Holy, Mighty, Worthy: Introduction

Because God delights in worship that is biblical, thoughtful and passionate—what we often call intentional—let me provide a quick overview of the biblical texts and doctrinal themes behind the hymn Holy, Mighty, Worthy:

Verse 1 rejoices in the holiness of God (discussed at length in this post) as it is revealed in Isaiah 6:3 and Revelation 4:8. What is particularly striking about the worship of the seraphim in Isaiah 6 is their humility before God, despite the fact that they are sinless! Though they are not separated from God by sin (as Isaiah is), they are separated by Him by their creatureliness—there is none like God! Thus, God’s holiness doesn’t just describe His purity, but His absolute uniqueness. The verse closes with a prayer that we would share in God’s holiness (I Peter 1:15-16).

Verse 2 rejoices in God’s might, particularly as evidenced in His creative power. Thus, the biblical background for the verse is Psalm 19:1-6 and Romans 1:19-20 (with a brief reference to John 1:3). Again, the verse ends with a prayer that we might partake of God’s matchless character, this time by seeing His power displayed.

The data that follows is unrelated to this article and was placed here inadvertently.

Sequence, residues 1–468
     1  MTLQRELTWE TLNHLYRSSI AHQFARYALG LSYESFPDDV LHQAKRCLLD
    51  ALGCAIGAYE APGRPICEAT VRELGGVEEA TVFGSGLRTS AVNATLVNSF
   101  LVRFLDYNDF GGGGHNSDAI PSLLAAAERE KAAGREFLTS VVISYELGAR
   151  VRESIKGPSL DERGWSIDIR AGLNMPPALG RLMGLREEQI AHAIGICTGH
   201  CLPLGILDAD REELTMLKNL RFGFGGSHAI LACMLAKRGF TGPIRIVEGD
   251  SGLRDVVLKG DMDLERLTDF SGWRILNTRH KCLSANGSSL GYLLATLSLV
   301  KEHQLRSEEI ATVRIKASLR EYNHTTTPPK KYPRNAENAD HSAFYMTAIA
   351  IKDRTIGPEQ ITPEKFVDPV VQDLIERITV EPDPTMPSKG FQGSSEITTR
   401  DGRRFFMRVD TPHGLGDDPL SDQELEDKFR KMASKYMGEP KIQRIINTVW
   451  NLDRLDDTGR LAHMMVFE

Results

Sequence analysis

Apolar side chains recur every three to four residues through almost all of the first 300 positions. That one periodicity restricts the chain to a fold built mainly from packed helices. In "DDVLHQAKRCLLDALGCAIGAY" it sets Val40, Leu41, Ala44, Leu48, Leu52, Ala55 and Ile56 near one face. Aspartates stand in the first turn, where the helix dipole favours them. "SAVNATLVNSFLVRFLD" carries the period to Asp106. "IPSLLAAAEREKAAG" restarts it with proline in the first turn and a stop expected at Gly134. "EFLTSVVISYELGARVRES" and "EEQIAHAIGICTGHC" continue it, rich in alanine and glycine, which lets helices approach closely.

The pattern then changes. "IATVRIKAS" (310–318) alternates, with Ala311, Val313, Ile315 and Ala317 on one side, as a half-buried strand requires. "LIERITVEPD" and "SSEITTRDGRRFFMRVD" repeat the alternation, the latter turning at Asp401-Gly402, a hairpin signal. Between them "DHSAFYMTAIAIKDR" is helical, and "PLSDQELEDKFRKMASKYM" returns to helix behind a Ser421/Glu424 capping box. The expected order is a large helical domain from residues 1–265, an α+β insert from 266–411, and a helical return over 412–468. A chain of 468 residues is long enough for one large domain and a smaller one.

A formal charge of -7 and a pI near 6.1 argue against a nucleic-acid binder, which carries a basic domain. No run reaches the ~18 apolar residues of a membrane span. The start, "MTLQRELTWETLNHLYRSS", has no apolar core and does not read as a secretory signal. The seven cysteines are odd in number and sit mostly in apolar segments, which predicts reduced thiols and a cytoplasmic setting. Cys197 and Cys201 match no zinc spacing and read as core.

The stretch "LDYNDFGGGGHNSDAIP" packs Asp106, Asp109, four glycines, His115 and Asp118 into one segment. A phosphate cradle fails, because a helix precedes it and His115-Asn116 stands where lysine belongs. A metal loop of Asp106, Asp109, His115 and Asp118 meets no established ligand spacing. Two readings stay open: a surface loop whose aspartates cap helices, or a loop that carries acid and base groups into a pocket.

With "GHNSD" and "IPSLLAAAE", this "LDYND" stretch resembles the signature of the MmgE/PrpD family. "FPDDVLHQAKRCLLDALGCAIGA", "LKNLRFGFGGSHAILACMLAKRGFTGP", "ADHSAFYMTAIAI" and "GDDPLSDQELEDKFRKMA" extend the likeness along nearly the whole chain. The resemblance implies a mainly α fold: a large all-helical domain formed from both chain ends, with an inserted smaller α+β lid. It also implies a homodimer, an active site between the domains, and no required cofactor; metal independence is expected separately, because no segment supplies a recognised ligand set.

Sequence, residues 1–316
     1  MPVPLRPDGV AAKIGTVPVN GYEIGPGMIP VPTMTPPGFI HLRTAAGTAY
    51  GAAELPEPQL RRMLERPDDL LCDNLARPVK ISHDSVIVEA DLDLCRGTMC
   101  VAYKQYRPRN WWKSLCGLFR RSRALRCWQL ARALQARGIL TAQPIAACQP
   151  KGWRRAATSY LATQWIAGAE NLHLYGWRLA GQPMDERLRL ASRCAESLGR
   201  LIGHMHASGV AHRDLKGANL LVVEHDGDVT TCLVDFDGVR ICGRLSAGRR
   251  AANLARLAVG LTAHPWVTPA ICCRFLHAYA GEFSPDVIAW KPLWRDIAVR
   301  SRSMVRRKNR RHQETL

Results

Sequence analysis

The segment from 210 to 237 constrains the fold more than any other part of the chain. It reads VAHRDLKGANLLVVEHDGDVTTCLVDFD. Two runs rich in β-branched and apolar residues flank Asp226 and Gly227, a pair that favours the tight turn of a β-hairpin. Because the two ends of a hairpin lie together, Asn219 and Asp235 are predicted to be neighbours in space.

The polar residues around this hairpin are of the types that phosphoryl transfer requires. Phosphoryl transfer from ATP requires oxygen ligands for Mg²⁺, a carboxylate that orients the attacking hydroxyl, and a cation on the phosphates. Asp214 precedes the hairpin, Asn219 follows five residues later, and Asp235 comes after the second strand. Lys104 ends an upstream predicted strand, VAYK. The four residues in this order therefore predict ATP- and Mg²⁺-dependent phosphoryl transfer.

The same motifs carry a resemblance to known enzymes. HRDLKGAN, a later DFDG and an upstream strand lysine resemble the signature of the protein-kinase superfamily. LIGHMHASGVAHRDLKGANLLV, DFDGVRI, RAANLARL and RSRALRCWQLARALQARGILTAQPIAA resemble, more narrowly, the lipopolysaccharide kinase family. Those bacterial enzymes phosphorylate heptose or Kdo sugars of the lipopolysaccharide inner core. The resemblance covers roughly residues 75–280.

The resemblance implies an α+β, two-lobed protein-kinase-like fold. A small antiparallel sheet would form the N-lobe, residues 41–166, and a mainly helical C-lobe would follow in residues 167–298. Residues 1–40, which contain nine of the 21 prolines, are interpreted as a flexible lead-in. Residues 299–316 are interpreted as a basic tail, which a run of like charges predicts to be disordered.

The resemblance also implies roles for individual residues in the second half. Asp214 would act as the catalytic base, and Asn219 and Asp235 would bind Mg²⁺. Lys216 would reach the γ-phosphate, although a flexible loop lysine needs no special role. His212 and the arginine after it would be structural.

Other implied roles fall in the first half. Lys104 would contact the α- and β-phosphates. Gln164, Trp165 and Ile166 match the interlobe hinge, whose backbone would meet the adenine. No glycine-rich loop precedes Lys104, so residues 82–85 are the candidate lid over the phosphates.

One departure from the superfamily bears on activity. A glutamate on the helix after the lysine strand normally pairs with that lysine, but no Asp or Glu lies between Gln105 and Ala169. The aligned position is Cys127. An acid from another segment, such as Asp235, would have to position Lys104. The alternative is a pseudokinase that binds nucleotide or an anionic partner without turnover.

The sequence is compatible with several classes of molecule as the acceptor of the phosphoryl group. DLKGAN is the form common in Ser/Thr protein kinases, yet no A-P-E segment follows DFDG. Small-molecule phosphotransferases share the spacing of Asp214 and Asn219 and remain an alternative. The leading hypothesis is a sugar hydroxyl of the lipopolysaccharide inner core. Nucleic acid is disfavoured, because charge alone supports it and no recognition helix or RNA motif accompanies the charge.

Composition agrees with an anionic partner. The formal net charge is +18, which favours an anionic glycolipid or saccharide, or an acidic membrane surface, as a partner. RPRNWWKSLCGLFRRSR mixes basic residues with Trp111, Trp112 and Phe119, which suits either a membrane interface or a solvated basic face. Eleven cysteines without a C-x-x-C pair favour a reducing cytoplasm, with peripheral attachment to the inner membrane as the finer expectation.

Verse 3 rejoices in God’s worthiness. Obviously, the biblical allusion is to Revelation 4-5, where we learn that God the Father and the Risen Son are worthy of praise by virtue of Creation (Revelation 4) and Redemption (Revelation 5). Our great hope is expressed in the closing prayer that we will one day participate in the worship of heaven.

Verse 4 is the climax of the hymn, in which the church joins angels, creation, and heavenly hosts in bringing glory to our God and Savior. In line with Ephesians 1 and Ephesians 3:21, the church, called and saved as trophies displaying God’s great grace, gives glory to God alone (Isaiah 42:8). Indeed, all creation will join in bowing to Christ and giving glory to God alone (Philippians 2:9-11).

Rather than ending with a request, the hymn concludes with a doxology to the Triune God, expressing the writers’ desires that God alone would be glorified.

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